Germany has announced progress in its discussions with the European Commission about the creation of a subsidy system for hydrogen-based power plants. The German government aims to initiate a competitive process for the construction of 8.8GW of new hydrogen-powered plants and a separate process for up to 15GW of existing gas-fired plants to be converted to hydrogen operation by 2035.
Although specific actions under state aid law have not yet been formalized in the ongoing talks with the European Commission, Germany plans to unveil the details of its hydrogen-related power plant strategy after the German Parliament’s summer break, allowing for public input.
In accordance with the preliminary agreement established with the European Commission, Germany intends to implement three key measures:
- Launching new and converted gas-fired power plants operating on renewable hydrogen, with a tendering capacity of 4.4 GW scheduled between 2024 and 2028.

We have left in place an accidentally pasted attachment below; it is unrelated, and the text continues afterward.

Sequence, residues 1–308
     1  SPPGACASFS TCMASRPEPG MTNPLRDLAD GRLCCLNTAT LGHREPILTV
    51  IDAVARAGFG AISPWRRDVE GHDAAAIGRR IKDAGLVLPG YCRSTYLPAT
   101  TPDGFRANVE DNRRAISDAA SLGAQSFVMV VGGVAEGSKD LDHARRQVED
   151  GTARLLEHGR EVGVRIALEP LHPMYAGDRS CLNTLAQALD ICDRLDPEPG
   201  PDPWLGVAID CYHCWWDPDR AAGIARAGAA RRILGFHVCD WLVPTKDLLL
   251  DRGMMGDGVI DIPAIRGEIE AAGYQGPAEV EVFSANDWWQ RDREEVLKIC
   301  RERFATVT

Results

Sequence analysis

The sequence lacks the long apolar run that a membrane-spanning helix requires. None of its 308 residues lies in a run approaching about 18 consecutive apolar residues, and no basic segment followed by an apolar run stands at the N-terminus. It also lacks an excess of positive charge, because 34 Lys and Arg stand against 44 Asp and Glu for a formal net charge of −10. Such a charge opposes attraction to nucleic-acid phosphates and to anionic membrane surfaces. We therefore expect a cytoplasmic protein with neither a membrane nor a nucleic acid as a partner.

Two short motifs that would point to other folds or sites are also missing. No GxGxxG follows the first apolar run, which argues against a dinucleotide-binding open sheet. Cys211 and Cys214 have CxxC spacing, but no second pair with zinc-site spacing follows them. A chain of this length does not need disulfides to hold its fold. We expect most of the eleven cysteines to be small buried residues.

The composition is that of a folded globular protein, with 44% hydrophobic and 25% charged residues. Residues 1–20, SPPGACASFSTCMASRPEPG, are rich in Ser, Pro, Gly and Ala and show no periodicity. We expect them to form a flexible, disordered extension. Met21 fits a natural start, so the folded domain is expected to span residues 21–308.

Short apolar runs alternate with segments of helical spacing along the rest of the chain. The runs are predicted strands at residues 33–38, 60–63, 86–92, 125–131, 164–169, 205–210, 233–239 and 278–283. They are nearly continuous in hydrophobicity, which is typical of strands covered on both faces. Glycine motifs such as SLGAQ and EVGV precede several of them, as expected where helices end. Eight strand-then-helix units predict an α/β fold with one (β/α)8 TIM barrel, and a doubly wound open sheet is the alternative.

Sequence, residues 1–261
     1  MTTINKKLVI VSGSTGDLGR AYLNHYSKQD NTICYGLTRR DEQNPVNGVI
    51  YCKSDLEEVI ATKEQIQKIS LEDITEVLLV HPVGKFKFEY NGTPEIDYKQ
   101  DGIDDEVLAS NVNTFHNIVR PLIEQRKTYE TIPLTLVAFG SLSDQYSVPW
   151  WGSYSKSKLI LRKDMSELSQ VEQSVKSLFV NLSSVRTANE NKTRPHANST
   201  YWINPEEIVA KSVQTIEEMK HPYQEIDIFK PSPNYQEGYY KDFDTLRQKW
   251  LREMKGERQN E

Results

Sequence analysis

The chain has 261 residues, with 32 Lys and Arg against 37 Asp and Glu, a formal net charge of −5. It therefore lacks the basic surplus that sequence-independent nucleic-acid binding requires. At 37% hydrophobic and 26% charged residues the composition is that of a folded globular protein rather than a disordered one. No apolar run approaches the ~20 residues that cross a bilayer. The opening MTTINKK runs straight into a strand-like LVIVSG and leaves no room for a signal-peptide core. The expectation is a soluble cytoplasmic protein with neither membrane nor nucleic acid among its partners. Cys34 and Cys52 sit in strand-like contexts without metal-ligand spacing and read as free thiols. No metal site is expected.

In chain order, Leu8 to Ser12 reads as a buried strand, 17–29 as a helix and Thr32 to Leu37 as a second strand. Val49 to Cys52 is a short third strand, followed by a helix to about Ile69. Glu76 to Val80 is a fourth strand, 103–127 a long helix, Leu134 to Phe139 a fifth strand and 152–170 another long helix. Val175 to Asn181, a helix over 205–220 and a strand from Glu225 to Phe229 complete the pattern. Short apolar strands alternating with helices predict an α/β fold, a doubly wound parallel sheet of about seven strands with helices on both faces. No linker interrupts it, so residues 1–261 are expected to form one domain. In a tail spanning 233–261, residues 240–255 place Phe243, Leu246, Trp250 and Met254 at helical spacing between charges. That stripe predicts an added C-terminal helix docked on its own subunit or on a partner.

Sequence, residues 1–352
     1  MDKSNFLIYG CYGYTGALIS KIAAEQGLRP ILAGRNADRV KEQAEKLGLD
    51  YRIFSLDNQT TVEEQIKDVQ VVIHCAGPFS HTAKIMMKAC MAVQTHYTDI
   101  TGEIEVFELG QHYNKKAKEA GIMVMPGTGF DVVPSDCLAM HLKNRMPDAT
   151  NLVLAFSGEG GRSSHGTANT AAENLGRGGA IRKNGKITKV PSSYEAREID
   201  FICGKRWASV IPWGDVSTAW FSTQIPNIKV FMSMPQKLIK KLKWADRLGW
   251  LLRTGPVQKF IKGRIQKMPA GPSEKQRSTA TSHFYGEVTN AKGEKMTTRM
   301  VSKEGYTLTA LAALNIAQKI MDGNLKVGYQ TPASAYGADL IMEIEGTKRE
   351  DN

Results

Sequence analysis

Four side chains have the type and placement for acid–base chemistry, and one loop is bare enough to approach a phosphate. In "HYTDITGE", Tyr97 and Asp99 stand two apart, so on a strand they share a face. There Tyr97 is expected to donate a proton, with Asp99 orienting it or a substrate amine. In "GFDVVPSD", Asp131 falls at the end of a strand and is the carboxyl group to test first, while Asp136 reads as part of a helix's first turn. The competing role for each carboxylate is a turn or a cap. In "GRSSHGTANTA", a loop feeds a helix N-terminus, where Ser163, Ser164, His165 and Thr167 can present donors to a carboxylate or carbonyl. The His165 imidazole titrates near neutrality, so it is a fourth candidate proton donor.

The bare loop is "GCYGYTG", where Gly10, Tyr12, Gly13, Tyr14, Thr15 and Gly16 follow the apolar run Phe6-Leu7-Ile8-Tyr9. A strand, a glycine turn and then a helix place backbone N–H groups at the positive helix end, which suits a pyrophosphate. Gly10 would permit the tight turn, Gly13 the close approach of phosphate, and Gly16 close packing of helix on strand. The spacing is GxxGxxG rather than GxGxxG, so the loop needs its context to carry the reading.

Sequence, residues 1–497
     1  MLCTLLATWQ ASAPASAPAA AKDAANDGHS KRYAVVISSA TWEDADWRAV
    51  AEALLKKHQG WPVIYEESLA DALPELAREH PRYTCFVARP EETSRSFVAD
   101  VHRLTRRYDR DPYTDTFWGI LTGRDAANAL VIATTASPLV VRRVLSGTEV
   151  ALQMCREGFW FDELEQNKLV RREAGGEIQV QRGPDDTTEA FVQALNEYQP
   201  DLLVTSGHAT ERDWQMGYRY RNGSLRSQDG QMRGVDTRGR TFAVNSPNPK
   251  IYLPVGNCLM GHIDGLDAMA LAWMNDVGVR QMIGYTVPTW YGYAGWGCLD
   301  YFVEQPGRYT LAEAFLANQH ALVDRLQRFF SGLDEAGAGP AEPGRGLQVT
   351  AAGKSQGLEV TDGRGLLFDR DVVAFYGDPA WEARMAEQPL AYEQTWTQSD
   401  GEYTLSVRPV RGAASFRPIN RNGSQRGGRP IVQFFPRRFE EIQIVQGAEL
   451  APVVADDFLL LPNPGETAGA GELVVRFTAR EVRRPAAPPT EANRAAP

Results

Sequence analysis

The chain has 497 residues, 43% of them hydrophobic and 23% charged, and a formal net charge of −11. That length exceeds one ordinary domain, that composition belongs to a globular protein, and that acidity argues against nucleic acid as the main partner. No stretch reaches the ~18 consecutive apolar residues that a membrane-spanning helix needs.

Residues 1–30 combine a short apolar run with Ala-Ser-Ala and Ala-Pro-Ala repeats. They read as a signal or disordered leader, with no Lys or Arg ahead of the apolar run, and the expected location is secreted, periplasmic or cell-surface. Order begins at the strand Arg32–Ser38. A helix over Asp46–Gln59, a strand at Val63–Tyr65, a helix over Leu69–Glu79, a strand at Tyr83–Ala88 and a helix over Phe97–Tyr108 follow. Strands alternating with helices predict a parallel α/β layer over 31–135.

- Developing and testing hydrogen hybrid power plants that integrate renewable electricity, electrolysis, storage, and power generation, with a planned tendering capacity of 4.4 GW.
- Converting 15 GW of existing or new gas-fired power plants to run on hydrogen by 2035, including a tendering target of 10 GW between 2024 and 2026.
Decarbonizing the power sector is a pivotal step toward achieving climate neutrality across all industries. Laying the groundwork for hydrogen-powered plants to facilitate the transition has huge importance.
Germany’s collaboration with Norway has led to joint plans by RWE and Equinor to establish a hydrogen value chain, including the replacement of coal-fired power plants with hydrogen-compatible gas-fired facilities.
Recently, the German cabinet endorsed an updated national hydrogen strategy, aiming to double domestic electrolysis capacity to 10GW by 2030. The strategy anticipates hydrogen demand in Germany to range from 95-130TWh by the end of the decade, with imports meeting 50-70% of this demand, prompting the formulation of an import-focused strategy.